By Janessa Rutiaga
Blog Content Contributor
It seems like everyone I talk to, in my immediate age group, is completely shocked at the idea of me living alone. When people ask me about it, I think they’re usually surprised when I tell them that I love it. I think everyone should experience living alone, and if you ever want to get married, then you definitely should.
This is my first time living on my own, and if I’m truthful, I don’t think I ever want to go back to having roommates. Don’t get me wrong, in the beginning, I was definitely doubting my choice on getting a studio apartment. However, I soon discovered the ups and downs of living on my own.
After a long day, sometimes I would like to come to a friend I could talk to and complain to about my day. Sometimes, that’s all a person needs to get over a bad day. But when you’re living alone, you don’t have that pleasure. The bright side of bad days is you go home to no one. The days where you hate everyone (aside from your pets) and just want to blast your favorite playlist and eat pasta in your underwear, are the days living alone become a huge blessing.
I love cooking, so I don’t mind doing it every day for every meal (almost). I do, however, know a lot of people who can’t cook to save their lives. The bright side of living alone is that I get to pick what I want to eat for breakfast, lunch and dinner. No one gets a say because it’s just me. I can eat super healthy, completely organic or binge on McDonalds. The downside is that you always have to cook. There’s nobody else that’ll whip up dinner for you, except you. If you don’t cook, you’ll waste hundreds of dollars eating takeout every day.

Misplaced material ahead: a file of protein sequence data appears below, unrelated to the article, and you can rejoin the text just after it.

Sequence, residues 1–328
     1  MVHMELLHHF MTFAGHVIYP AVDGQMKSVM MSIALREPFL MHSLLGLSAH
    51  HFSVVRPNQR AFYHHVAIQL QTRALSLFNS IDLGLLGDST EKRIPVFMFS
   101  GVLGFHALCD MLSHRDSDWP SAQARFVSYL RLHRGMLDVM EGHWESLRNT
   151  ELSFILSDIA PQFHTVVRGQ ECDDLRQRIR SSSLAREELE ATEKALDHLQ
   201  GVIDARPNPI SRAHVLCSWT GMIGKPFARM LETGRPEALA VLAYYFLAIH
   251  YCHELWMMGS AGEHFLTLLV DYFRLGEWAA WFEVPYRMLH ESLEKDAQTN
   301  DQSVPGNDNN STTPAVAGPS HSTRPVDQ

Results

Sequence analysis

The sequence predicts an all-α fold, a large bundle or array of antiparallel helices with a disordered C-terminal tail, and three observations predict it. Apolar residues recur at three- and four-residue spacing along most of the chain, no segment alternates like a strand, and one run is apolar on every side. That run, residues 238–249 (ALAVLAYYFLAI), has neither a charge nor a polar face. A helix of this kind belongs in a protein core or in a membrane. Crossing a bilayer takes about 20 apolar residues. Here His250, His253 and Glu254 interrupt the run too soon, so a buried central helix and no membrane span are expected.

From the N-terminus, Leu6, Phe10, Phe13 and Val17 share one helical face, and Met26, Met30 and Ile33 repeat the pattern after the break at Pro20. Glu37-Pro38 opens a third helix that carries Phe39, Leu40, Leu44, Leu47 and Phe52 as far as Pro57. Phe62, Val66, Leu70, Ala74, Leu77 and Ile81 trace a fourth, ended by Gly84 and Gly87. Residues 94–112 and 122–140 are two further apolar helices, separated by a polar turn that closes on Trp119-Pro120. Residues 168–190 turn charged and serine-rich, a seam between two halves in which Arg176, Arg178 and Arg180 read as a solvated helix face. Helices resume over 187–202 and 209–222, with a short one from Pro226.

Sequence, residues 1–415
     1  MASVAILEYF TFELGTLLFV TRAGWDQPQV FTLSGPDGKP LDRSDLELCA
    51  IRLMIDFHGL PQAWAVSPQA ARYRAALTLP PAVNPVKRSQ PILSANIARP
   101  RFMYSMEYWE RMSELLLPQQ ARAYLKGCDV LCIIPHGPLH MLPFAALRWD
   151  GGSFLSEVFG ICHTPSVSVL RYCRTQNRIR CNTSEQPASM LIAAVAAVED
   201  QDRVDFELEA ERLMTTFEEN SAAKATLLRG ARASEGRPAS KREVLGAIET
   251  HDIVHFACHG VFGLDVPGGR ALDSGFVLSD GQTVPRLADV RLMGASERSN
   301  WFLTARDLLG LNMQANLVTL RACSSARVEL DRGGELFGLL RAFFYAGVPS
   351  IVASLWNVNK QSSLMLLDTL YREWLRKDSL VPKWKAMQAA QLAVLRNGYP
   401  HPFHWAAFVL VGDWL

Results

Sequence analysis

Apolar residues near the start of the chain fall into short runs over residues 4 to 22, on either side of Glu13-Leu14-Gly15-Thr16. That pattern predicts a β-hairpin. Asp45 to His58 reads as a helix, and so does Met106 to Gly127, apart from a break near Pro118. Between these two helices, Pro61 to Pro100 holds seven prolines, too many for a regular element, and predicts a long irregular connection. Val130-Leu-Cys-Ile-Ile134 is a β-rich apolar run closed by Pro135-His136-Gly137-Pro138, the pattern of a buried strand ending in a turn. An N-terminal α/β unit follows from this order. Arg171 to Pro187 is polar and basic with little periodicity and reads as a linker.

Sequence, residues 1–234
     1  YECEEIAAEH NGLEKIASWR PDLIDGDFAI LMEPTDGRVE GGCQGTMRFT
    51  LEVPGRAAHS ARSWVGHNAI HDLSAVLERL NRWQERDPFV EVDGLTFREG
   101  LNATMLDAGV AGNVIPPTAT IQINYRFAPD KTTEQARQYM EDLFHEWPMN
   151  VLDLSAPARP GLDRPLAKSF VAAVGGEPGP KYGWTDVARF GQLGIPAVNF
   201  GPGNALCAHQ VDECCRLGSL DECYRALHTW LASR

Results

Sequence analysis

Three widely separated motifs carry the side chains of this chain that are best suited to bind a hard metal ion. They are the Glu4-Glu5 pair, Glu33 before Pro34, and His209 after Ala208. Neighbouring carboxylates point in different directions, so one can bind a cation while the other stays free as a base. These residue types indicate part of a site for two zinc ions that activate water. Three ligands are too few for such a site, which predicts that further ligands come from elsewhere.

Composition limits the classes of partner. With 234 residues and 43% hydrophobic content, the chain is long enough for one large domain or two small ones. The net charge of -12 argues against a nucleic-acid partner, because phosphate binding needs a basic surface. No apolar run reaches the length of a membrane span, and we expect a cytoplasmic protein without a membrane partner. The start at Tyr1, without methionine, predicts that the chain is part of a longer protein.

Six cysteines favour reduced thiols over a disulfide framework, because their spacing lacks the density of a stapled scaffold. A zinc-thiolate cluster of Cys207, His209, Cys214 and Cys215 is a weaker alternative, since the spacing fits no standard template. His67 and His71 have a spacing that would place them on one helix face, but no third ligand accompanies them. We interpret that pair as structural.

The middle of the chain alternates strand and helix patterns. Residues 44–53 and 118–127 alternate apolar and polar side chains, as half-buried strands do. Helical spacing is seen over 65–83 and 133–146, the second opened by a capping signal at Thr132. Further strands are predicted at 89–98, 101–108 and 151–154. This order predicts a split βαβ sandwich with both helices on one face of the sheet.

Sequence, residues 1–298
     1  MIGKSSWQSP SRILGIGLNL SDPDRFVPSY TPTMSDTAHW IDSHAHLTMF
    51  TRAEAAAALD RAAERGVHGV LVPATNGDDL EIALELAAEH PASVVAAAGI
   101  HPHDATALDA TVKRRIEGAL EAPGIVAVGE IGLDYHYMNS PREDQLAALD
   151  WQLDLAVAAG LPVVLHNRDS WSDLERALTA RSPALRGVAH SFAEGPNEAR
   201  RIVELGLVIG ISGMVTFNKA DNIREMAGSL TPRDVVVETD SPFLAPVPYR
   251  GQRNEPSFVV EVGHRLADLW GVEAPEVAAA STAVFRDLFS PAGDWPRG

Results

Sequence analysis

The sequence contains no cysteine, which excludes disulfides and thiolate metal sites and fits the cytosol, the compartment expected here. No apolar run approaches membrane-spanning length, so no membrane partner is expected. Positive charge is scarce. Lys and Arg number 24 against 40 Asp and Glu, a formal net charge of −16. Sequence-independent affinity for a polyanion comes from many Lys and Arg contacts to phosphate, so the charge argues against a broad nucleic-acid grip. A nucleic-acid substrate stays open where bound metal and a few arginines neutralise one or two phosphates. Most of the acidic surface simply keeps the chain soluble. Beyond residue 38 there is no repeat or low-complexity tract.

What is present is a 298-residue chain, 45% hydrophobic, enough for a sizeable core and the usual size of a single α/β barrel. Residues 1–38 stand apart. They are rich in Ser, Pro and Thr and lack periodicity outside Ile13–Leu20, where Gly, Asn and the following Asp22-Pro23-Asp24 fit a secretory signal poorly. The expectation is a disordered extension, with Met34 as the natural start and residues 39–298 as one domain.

When you have roommates, you share almost everything. You share the living room, kitchen and even the food in the refrigerator. You have to ask your roommates beforehand if they like the decorations you want to put up. You need permission to hang up anything and you have to label all your food. When you live alone, all that goes out the window. Every square inch of that one-bedroom apartment is yours. You buy enough food for yourself, you don’t have to label squat and you can hang up whatever you want. You are free to customize and design your own living area. That itself is completely freeing.
The choice to get my pet wasn’t spontaneous, but I know that if I were living with roommates, I wouldn’t have felt comfortable having him. He’s a rambunctious puppy who runs around everywhere and leaves fur all over the couch. Now that I have him, I wouldn’t feel comfortable living with other people. Let’s face it, just because I can put up with him doesn’t mean other people want to. The line with pets and roommates can go well though. You need to find roommates that love animals as much as you do. If not, I believe you’ll have some ugly encounters.
Living on my own was a definite lifestyle change. There was no longer anyone around that I could rely on. I was standing on my own two feet and relying completely on myself. I have to take care of all the cleaning, cooking and bills. The first few weeks were difficult, having to suddenly be proactive around the apartment. However, once you fall into your own routine of household duties, life becomes easier. It’s freeing, satisfying and gives you a sense of independence you can’t get anywhere else.
I have lived with my parents, lived with roommates and by myself. My favorite, by far, is living by myself. I get to completely own my space, and I don’t have to worry about anyone else (aside from my dog). If you still haven’t experienced living on your own, I encourage you to try it once your current lease is up. Maybe you’ll love it like I did, or maybe you’ll discover it wasn’t quite for you. Either way, I fully believe it’s an experience everyone needs to try, at least once.